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Promoting Irish Culture and History from Little Rock, Arkansas, USA


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Capture of Mallow Barracks

The Cork No. 2 Brigade, Irish Republican Army (IRA), attacks and captures a military barracks in Mallow, County Cork, on September 28, 1920, the only military barracks to be captured during the Irish War of Independence. British forces later burn and sack the town.

Mallow had been a garrison town for several hundred years. Eight miles to the north lay Buttevant where one of the largest military barracks in the country is located. Not far from Buttevant are the great military training camps of Ballyvonaire, while nineteen miles to the northeast is Fermoy with its large permanent military garrisons and huge barracks adjacent to the big training centres of Kilworth and Moorepark. Twenty miles to the southeast is the city of Cork with its many thousands of troops both in the posts within the city and at Ballincollig, about six miles west of it, on the Macroom road. Thirteen miles westward a detachment from a British machine gun corps holds Kanturk. Every town and village has its post of Royal Irish Constabulary (RIC) men armed to the teeth.

The idea of capturing the barracks comes from two members of the Mallow IRA Battalion, Dick Willis, a painter, and Jack Bolster, a carpenter, who are employed on the civilian maintenance staff of the barracks which is occupied by the 17th Lancers. Willis and Bolster are able to observe the daily routine of the garrison and form the opinion that the capture of the place would not be difficult. They are instructed by their local battalion officers to make a sketch map of the barracks. After that is prepared, Liam Lynch and Ernie O’Malley go with Willis and Tadhg Byrnes to Mallow to study the layout of the surrounding district. Among the details of the garrison’s routine that Willis and Bolster report to the Column leaders, is the information that each morning the officer in charge, accompanied by two-thirds of the men, take the horses for exercise outside the town. It is obvious to the two Mallow volunteers that this is the ideal time for the attack.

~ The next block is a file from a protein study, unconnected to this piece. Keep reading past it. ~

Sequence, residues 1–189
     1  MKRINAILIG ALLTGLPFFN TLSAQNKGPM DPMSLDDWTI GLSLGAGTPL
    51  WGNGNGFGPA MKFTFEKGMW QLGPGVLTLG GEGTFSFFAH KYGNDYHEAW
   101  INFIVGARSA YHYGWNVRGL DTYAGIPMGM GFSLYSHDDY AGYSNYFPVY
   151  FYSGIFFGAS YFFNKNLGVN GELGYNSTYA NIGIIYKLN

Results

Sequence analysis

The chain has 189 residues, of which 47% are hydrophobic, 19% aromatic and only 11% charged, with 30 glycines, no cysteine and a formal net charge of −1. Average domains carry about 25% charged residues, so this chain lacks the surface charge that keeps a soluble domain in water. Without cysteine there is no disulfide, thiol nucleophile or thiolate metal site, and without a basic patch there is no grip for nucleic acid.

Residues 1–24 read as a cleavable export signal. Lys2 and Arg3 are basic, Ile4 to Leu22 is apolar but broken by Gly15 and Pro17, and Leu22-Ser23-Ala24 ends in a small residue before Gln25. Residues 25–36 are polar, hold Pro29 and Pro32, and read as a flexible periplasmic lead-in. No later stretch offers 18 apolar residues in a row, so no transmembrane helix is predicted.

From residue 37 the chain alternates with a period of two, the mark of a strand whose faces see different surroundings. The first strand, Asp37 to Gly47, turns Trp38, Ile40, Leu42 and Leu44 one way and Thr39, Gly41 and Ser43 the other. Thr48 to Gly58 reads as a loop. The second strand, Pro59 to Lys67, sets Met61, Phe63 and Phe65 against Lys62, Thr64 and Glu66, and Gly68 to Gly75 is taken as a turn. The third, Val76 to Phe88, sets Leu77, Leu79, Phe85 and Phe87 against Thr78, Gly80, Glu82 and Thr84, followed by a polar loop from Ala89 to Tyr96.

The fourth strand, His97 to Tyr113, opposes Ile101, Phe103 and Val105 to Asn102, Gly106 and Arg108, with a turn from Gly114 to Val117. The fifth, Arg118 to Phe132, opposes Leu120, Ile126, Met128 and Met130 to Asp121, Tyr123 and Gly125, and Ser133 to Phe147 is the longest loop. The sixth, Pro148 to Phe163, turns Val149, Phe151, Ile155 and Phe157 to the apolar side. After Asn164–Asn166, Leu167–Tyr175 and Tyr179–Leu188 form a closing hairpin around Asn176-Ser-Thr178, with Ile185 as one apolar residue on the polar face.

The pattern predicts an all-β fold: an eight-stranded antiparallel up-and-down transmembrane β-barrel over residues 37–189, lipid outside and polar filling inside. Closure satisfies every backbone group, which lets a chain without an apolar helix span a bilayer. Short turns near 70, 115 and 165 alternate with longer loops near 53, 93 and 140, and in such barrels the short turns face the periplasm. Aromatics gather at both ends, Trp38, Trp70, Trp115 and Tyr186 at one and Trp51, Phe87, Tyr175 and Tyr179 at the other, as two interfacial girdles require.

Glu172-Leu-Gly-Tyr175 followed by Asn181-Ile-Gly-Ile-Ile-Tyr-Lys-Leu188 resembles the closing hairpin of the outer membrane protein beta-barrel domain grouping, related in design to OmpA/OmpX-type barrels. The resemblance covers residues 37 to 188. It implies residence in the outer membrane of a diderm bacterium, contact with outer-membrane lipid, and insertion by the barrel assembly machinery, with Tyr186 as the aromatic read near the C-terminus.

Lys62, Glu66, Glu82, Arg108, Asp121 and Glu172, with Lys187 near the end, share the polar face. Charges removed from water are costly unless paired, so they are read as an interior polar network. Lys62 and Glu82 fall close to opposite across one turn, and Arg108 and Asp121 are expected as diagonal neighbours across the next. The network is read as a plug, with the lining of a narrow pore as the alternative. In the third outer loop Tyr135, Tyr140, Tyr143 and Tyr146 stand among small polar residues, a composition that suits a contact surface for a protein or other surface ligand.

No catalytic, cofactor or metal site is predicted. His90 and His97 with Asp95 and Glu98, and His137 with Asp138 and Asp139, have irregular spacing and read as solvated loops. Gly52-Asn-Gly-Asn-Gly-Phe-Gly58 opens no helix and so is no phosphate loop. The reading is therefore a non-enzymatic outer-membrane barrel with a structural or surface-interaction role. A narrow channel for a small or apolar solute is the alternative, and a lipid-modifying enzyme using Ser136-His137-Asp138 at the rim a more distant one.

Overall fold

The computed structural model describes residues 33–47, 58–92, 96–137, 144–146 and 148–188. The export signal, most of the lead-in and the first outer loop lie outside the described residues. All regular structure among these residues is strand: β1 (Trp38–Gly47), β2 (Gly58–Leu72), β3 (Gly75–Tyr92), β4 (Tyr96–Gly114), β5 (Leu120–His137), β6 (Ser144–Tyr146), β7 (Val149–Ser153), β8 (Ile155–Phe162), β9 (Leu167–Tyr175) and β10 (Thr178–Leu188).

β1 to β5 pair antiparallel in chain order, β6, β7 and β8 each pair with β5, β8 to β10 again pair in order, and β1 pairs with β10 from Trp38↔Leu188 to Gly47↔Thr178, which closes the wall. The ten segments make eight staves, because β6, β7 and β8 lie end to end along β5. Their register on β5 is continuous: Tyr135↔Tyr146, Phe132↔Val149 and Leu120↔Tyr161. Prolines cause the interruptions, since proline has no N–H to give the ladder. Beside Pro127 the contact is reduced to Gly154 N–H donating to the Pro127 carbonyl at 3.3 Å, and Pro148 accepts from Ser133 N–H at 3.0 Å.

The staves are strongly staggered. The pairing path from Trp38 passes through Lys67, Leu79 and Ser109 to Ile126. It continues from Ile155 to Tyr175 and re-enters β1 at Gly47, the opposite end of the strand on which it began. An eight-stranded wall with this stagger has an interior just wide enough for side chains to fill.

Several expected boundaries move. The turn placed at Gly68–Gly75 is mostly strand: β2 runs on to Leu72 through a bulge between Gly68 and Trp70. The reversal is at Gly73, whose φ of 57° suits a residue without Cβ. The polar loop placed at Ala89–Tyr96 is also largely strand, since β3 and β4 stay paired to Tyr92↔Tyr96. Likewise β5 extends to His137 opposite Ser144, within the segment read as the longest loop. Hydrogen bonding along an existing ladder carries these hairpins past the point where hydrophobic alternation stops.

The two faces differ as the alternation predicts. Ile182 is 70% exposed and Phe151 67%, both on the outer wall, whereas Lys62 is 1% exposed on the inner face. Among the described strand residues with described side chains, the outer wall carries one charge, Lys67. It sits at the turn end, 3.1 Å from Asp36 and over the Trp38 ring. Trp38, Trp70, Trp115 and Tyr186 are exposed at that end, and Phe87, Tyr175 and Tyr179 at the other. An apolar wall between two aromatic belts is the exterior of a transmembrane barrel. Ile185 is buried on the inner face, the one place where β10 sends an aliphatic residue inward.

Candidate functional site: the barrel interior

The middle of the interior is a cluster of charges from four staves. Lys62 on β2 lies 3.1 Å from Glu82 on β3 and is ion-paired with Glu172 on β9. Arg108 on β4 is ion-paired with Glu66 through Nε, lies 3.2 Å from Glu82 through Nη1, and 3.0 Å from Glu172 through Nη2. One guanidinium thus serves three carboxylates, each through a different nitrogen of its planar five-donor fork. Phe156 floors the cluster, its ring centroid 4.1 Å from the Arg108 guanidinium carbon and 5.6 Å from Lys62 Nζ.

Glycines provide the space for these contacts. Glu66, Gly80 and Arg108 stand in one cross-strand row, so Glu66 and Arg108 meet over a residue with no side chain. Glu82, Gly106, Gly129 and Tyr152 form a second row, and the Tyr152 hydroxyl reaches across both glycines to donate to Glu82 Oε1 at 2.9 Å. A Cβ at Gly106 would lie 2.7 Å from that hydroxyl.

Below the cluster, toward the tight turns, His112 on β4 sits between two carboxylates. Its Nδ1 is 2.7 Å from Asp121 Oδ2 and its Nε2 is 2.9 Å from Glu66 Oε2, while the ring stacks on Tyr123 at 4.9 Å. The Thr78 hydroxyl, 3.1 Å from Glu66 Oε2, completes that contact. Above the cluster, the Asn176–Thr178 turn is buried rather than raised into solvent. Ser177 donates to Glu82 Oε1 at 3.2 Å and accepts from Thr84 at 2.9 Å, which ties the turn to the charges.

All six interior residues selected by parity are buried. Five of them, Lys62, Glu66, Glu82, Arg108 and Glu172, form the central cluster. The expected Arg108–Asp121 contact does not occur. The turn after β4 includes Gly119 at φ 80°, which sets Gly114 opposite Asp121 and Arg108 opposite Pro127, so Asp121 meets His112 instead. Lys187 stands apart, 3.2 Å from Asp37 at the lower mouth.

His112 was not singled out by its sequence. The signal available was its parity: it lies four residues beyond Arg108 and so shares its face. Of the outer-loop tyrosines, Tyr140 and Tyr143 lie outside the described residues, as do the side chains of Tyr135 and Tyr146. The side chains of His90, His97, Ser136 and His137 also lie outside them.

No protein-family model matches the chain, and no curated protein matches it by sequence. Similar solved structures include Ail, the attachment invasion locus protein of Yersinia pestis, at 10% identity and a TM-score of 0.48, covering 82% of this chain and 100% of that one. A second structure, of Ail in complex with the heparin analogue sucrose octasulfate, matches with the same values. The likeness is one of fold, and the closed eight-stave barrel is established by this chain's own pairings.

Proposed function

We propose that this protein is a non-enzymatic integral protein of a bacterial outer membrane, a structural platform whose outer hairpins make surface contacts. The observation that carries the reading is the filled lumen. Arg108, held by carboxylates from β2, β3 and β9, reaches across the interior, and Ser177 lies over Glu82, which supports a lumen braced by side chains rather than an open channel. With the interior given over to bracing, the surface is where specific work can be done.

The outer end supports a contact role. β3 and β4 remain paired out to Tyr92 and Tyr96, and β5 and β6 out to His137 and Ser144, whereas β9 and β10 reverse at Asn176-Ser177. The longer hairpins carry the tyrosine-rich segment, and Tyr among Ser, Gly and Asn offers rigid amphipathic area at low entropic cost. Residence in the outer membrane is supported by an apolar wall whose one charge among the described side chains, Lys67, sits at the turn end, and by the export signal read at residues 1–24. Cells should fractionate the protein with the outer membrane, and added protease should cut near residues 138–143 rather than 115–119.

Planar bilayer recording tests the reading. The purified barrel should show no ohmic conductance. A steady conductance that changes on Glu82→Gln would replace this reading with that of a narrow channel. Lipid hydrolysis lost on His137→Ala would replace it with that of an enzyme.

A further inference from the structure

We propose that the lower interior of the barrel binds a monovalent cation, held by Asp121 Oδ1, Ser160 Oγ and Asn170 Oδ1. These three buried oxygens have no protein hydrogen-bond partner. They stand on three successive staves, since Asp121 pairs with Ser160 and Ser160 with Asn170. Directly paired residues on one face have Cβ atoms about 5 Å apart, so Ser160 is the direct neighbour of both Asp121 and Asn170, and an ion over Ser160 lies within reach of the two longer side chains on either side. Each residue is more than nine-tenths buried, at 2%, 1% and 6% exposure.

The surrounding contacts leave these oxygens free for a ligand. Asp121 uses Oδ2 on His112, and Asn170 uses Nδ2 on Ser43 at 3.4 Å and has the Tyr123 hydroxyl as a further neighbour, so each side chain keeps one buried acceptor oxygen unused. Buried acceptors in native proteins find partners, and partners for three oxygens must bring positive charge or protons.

Situated at the end of a short, narrow street and on the western verge of the Town Park, Mallow barracks stand on an unusually low-lying location and is relatively small in size. Surrounded by a high stone wall, the barracks can be approached from the town park as well as from the main street. The various details are carefully studied by Lynch and O’Malley. While Willis and Bolster are allotted tasks within the walls of the barracks, Byrnes and Jack Cunningham are chosen to attack with the main body of the column which includes Commandant Denny Murphy of Kanturk.

On the morning of September 27, at their Burnfort headquarters, the men are ordered to prepare for action. Under cover of darkness they move into the town and enter the Town Hall by way of the park at the rear. The eighteen men of the column are strengthened by members of the Mallow battalion, a number of men posted in the upper storey of the Town Hall, from which they can command the approaches to the nearby RIC barracks. Initially it is planned that Willis and Bolster will enter the military barracks that morning in the normal manner, accompanied by an officer of the column who will pose as a contractor’s overseer. The officer is Paddy McCarthy of Newmarket, who would die a few months later in a gun battle with the Black and Tans at Millstreet.

McCarthy, Willis and Bolster enter the barracks without mishap. Members of the garrison follow their normal routine, with the main body of troops under the officer in charge leaving the barracks with the horses. In the barracks remain about fifteen men under the command of a senior N.C.O., Sergeant Gibbs.